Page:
by Hugh Gilmore
In 2012, I wrote a two-part column for the Local that began: “I would rather be an addict than love one. I would rather climb in a sea-going boat and set it afire than stand on shore and watch my child die. I would rather steal from my parents than love a child who stole from me. As painful as it is to be an addict, it is heartbreakingly unbearable to love one. Or be dependent on one. Or feel hope for one.”
Those words were written from a parent’s perspective. There are others too. Sisters, brothers, grandparents, cousins, uncles, aunts, teachers and employers. There are boyfriends, girlfriends, husbands, wives, lovers and just friends. It is painful to know someone who has fallen into that trap. Especially when the preventive cure is so obvious and oft-stated: Don’t go there. Don’t start.
My belated review of “Dreamland: The True Tale of America’s Opiate Epidemic,” by Sam Quinones, two weeks ago, was of a work that describes how, when, where and why the current national epidemic of opioid addiction began. I don’t often read panoramic books like that, however. I would rather read a dozen small-scope books than one “big picture” book. I’m pulled more toward birds than I am to vertebrates as a general category. And I’m more drawn to blue jays than birds as a category. Where our topic is concerned, I’m more drawn to know specific persons – the who of journalism – than the general topic of abusers.
But how? I’m not a reporter, social worker, law officer or medical worker. I’m not a hanger-on, a friend or an undercover eavesdropper. I wouldn’t know where or how to find someone who has fallen down that well of selfishness. And if I did, that would be just one person, living in one neighborhood, in one region of the world. I’m sure I’d have my ears opened, but I wouldn’t learn enough.
There is another way: hearing their stories by reading their memoirs. Tales written by persons who’ve been there, and as they say, done that. In the past few years, I’ve read dozens of memoirs written by people who have been through addiction and the devolution of character caused by their love affair with self destruction. I’ve learned a lot, even though it’s rather virginal compared to hanging out or being there.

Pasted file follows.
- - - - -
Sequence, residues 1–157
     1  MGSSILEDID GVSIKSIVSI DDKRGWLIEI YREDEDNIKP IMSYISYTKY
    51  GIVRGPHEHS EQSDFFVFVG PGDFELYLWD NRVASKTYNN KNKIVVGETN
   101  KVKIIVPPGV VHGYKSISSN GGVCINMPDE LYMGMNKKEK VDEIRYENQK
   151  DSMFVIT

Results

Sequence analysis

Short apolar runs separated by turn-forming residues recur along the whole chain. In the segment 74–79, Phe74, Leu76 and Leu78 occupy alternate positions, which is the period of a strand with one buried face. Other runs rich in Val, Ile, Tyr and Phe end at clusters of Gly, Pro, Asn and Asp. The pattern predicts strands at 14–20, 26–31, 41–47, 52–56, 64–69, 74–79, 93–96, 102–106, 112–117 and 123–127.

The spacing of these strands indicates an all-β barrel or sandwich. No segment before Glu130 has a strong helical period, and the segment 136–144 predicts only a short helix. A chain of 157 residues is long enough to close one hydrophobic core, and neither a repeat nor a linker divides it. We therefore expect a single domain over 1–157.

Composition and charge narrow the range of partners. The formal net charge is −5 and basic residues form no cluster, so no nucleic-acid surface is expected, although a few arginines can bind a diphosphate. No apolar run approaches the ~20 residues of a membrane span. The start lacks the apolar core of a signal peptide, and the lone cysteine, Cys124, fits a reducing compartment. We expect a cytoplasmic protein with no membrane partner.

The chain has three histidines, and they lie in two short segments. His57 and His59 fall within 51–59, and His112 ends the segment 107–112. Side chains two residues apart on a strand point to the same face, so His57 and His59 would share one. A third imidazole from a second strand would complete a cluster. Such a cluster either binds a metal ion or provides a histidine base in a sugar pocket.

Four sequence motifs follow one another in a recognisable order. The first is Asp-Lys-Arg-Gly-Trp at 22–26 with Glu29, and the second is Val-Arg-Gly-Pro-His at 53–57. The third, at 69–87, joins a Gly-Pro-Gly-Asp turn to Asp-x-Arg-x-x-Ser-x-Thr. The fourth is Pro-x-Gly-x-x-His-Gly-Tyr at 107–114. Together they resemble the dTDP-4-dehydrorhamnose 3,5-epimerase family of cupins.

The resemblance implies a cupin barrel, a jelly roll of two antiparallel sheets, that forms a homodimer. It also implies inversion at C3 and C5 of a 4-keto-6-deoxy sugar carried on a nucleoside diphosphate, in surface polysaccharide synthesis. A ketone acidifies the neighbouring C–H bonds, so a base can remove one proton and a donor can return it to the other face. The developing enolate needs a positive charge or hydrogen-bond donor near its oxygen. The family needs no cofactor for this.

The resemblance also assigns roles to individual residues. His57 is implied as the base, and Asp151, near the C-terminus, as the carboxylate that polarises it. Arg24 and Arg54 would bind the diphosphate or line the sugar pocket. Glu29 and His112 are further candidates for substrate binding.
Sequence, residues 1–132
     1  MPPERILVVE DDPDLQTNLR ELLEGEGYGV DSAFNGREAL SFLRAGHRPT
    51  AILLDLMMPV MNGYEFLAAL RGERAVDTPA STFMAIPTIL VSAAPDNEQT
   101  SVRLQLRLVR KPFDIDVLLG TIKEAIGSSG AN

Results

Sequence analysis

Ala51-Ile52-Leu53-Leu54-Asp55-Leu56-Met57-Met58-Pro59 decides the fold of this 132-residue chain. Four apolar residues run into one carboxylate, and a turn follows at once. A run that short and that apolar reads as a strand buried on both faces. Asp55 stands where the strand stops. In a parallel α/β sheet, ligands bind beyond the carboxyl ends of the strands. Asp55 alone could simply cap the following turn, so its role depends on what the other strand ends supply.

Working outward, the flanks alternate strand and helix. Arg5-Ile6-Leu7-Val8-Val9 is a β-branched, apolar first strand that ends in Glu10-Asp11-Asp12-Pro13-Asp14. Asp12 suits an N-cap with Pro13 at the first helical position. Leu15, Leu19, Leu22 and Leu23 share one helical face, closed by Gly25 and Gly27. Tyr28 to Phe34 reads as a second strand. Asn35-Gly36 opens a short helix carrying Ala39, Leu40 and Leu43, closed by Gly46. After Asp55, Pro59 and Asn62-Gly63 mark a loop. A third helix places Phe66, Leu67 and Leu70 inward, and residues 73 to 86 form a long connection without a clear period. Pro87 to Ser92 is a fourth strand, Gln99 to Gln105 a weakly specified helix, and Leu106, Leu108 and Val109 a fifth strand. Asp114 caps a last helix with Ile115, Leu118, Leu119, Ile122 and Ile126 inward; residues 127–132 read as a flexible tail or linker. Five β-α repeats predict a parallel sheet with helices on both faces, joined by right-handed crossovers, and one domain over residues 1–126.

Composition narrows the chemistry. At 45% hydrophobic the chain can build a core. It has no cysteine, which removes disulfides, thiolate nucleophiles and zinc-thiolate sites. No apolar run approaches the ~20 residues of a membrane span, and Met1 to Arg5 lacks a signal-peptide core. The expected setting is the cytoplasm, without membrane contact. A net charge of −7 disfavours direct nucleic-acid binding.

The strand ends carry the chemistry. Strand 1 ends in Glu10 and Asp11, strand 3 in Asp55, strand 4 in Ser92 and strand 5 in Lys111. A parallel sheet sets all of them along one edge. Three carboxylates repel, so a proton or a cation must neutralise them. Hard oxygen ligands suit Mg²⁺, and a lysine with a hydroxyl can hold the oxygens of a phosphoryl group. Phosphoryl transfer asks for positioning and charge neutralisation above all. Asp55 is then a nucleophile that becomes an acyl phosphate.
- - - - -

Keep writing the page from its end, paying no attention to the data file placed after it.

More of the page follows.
On the other hand, there are things one learns by hearing a certain kind of story told many times by many people. You start to see some things they have in common with one another that even they don’t realize.
Who are these people? They were warned, but they started anyway. Why? How? Were they abused and seeking relief? Were they too cocky or brainless to listen? How did they acquire the drugs and learn to use them? Many were able to continue normal married or working lives for a while before they fell apart. Others fell almost at once into the the drug-addicted subculture. Most walked the difficult road in between – for a while. All eventually lied, cheated and stole. All betrayed and abused their families and even (despite the myths that linger) abused and cheated their fellow addicts.
The addict is a sad person who often sits with his or her loved ones – just before or after the crest of a “high” – and vows to quit this addiction. Tears flow. Repentance is expressed. Promises are made. The addict’s parents, children, spouses, friends and/or employers all hold hands and smile towards a better tomorrow, their hearts at last lightened.
Until the morning. Or evening. Next week, even. Then the next round starts. And so it goes. On and on. For the supporters, doubt eventually succeeds faith. Worse: faith dies. And then hope. Only charity remains. Eventually, however, charity becomes a begrudged grace.
If ever a term was invented to rub caring people’s noses in the dirt, it is “enabling.” There lies the addict, according to that label, on the tufted velvet divan, jaws expectantly agape, like Alex in “A Clockwork Orange,” waiting to be pampered by a servile retinue of “enablers” happy to unwrap a chocolate or massage the feet of the addict they serve.
Yes, the vaporous notion of free will says, “Throw him out.” It says, “Leave her” or “don’t help them.” Enablers are told they’re as guilty as the addict. Leave? To go where? Throw ’em out? To go where? Do children have free will? Tough love is tougher on the giver than the receiver. Few people are heroic enough to harden their hearts in the name of righteousness. Most people just want peace, at least for today. We’ll fight the big battle tomorrow.
Next week, in Part Two of this article, I’ll discuss some memoirs of addiction your might want to read. Hard as they are on the nerves, they’re easier to bear than the memoirs of the people who love(d) them.